13.1 Theoretical background.

A method to systematically improve upon DFT-estimates of single particle excitation spectra, i.e., ionization potentials and electron affinities is the GW-method. Its central object is the single particle Green’s function G; its poles describe single particle excitation energies and lifetimes. In particular, the poles up to the Fermi-level correspond to the primary vertical ionization energies. The GW-approach is based on an exact representation of G in terms of a power series of the screened Coulomb interaction W, which is called the Hedin equations. The GW-equations are obtained as an approximation to the Hedin-equations, in which the screened Coulomb interaction W is calculated neglecting so called vertex corrections. In this approximation the self–energy Σ, which connects the fully interacting Green’s function G to a reference non-interacting Green’s function G0, is given by Σ = GW.

This approach can be used to perturbatively calculate corrections to the Kohn-Sham spectrum. To this end, the Green’s function is expressed in a spectral representation as a sum of quasi particle states.

     ′    ∑   --Ψr,n(r,z)Ψ-†l,n(r′,z)----
G(r,r;z) =    z - εn(z)+ iηsgn(εn - μ).
           n
(13.1)

Under the approximation that the KS-states are already a good approximation to these quasi–particle states Ψl,n the leading order correction can be calculated by solving the zeroth order quasi–particle equation:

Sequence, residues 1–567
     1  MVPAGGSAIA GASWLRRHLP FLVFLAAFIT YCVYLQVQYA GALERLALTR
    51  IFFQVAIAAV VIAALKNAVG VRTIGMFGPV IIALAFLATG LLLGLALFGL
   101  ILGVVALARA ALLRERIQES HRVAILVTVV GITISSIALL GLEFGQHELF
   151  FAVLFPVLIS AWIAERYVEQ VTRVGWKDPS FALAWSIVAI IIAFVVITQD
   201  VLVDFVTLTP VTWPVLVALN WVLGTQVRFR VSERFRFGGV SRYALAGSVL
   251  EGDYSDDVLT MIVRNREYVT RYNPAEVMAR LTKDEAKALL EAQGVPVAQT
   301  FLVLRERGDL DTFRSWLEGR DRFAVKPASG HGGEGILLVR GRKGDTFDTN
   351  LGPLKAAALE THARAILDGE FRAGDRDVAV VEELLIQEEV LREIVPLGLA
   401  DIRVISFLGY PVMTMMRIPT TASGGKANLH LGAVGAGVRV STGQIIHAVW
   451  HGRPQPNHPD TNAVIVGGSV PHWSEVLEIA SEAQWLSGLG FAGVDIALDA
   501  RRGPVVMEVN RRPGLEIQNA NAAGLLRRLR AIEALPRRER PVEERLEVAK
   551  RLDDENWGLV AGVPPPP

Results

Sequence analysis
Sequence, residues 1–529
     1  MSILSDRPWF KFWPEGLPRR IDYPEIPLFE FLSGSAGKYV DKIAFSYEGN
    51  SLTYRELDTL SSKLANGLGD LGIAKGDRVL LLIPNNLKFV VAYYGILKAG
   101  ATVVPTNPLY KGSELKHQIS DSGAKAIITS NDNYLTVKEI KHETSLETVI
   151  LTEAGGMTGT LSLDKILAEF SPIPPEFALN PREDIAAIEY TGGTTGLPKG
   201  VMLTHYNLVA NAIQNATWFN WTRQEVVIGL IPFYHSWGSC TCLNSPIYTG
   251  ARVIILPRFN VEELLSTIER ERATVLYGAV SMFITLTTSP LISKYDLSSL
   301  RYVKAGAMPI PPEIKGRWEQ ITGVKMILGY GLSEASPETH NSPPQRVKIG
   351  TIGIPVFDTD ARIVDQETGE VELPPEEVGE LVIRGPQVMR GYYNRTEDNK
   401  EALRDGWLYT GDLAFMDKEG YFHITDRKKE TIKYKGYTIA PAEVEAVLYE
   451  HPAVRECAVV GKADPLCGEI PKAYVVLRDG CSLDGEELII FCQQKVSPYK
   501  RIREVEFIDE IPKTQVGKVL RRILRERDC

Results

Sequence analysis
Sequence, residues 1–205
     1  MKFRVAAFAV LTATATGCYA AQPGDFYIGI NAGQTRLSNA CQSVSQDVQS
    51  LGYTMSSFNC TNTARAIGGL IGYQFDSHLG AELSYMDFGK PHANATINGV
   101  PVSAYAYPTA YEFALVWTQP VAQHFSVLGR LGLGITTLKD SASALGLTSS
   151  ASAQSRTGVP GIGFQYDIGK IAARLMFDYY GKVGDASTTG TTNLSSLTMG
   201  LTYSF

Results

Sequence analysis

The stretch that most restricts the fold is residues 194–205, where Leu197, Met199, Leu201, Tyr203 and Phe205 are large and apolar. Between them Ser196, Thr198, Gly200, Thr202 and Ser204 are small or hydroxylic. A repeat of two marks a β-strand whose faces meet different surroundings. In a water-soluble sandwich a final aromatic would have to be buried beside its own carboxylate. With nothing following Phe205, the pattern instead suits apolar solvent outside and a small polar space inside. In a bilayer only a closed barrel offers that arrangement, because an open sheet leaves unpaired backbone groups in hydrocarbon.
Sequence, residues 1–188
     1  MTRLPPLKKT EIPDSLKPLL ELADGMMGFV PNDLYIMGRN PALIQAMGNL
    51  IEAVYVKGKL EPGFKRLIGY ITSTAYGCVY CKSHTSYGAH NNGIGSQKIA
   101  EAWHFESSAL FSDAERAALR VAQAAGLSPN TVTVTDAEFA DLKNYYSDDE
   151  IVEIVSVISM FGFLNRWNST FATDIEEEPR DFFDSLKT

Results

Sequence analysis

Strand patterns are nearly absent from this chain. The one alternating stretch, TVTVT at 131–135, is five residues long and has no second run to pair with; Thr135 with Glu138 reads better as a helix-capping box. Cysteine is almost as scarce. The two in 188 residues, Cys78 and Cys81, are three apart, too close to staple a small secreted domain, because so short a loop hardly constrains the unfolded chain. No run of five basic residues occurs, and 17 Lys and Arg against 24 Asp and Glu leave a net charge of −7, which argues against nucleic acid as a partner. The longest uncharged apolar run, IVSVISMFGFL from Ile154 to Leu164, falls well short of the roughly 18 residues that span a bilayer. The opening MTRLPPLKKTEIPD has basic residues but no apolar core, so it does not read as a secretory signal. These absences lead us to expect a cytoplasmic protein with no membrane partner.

εn = ϵn + ⟨n|Σ[GKS](εn) - Vxc|n⟩
(13.2)

An approximation to the solution of this equation can be obtained by linearizing it:

ε  = ϵ + Z  ⟨n |Σ (ϵ )- V  |n⟩
 n    n   n      n    xc
(13.3)

here, Zn is given by:

     [            |       ]-1
             ∂Σ(E)||
Zn =  1 - ⟨n| ∂E  |E=ϵ |n⟩
                      n
(13.4)

reducing the computational effort to a single iteration.

The self–energy Σ appearing in Eqn. (13.2) is calculated in the GW approximation from the KS Green’s function and screening. This is the so-called G0W0 approximation. The Self–energy splits in an energy independent exchange part Σx and a correlation part Σc(E) that does depend on energy. Their matrix elements are given by:

                 ∑
⟨n|Σx|n′⟩  =  = -    (ni|in′),                   (13.5)
                  i
and
    c           ∑  ∑        |(nn|ρm )|2
⟨n|Σ (ϵn)|n⟩  =        ϵn-- ϵn---Zmsgn(ϵn--μ).          (13.6)
                 m  n      --         --
Where Zm = Ωm - are the excitation energies shifted infinitesimally into the complex plane. The ρm are the corresponding excitation densities. More details, tests and benchmark calculations are can be found in Ref. 157.